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Journey, ‘Don’t Stop Believin” – Lyrics Uncovered

Ana Elisa Fuentes, Getty Images

As Journey’s ‘Don’t Stop Believin’’ continues to make an impact on pop culture, with younger generations still discovering the classic rock favorite for the first time, former lead singer Steve Perry admits that he fudged one minor detail in the lyrics.

Perry starts the song by singing about a young couple from very different backgrounds:

“Just a small town girl, livin’ in a lonely world  / She took the midnight train goin’ anywhere  / Just a city boy, born and raised in south Detroit / He took the midnight train goin’ anywhere.”

While the imagery of the boy’s locale certainly helps set the proper scene for the rest of the story, there is in fact no “South Detroit” in the real life Motor City.

Vulture dug deeply into the zip code in an attempt to make some sense of the lyrical oddity. For some additional research on the issue, they decided to go directly to Perry himself to find out what was going on in his noggin at the time that he wrote the song with fellow Journey members Jonathan Cain and Neal Schon.

He explains that the seeds for the song’s famous chorus were planted while Journey was on tour in 1980 promoting their ‘Departure’ album. The band was in Detroit for a five night stand and Perry found himself in a hotel room unable to sleep, staring out of the window:

“Strangers waiting, up and down the boulevard  / Their shadows searching in the night  / Streetlights people, living just to find emotion / Hiding, somewhere in the night.”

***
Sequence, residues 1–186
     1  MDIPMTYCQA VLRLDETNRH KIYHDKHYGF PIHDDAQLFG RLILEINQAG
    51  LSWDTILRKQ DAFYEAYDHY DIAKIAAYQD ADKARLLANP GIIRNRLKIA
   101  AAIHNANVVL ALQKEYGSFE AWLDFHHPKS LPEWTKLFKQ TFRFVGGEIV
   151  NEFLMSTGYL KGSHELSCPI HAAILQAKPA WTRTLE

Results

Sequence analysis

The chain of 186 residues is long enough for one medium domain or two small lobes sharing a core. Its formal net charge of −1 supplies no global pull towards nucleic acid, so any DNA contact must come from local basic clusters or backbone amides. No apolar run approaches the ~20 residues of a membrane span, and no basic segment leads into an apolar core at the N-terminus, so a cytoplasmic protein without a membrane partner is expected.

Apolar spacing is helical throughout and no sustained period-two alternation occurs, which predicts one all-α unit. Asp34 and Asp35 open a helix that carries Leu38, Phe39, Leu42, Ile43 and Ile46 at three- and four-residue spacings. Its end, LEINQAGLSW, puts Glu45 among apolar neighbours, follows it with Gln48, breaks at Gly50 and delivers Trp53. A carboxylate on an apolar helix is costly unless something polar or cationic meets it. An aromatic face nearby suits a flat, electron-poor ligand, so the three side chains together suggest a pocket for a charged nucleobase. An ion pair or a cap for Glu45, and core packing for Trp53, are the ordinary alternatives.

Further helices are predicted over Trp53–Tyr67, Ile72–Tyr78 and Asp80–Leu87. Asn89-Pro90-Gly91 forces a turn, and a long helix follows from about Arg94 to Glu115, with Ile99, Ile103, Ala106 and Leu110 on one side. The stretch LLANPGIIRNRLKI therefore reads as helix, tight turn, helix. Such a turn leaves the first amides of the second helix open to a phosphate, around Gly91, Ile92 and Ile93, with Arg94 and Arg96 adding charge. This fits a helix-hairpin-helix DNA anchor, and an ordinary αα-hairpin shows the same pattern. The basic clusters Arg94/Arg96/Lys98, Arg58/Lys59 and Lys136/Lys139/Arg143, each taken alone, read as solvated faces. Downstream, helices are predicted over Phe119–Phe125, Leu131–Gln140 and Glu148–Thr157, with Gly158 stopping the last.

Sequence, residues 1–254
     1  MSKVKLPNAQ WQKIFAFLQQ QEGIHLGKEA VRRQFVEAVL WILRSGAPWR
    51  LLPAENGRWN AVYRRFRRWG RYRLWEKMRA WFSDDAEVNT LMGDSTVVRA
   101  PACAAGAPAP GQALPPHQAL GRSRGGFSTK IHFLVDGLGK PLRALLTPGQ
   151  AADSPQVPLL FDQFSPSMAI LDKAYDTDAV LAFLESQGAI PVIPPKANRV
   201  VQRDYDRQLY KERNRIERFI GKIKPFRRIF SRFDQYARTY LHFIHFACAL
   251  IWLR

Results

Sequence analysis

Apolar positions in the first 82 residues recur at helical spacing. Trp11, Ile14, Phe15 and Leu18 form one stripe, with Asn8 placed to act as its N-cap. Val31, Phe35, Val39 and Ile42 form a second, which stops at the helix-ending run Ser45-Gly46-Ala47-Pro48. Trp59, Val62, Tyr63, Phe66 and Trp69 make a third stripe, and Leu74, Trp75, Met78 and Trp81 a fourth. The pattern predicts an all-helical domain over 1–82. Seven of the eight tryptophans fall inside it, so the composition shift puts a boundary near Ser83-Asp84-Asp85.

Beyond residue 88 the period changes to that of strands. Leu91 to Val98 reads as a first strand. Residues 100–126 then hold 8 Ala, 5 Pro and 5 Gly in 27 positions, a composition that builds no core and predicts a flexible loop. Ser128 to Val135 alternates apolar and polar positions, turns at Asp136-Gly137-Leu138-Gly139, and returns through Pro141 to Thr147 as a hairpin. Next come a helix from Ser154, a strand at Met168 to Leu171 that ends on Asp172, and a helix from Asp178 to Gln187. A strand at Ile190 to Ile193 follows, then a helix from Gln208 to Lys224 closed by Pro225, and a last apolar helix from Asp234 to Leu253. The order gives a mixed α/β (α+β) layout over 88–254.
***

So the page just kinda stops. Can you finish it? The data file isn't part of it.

“I was digging the idea of how the lights were facing down, so that you couldn’t see anything.  All of a sudden I’d see people walking out of the dark, and into the light. And the term ‘streetlight people’ came to me. So Detroit was very much in my consciousness when we started writing.”

The Detroit reference was an easy nod for Perry to put into the song and he wasn’t overly concerned with being geographically accurate.

“I ran the phonetics of east, west, and north, but nothing sounded as good or emotionally true to me as South Detroit. The syntax just sounded right. I fell in love with the line. It’s only been in the last few years that I’ve learned that there is no South Detroit. But it doesn’t matter.”

‘Don’t Stop Believin’’ has been downloaded nearly 4.5 million times (legally) so far, so we’re inclined to agree with Perry that it doesn’t matter – it’s just a great song!

Next: The Doors, 'Hello, I Love You' - Lyrics Uncovered

Watch Journey Perform ‘Don’t Stop Believin”

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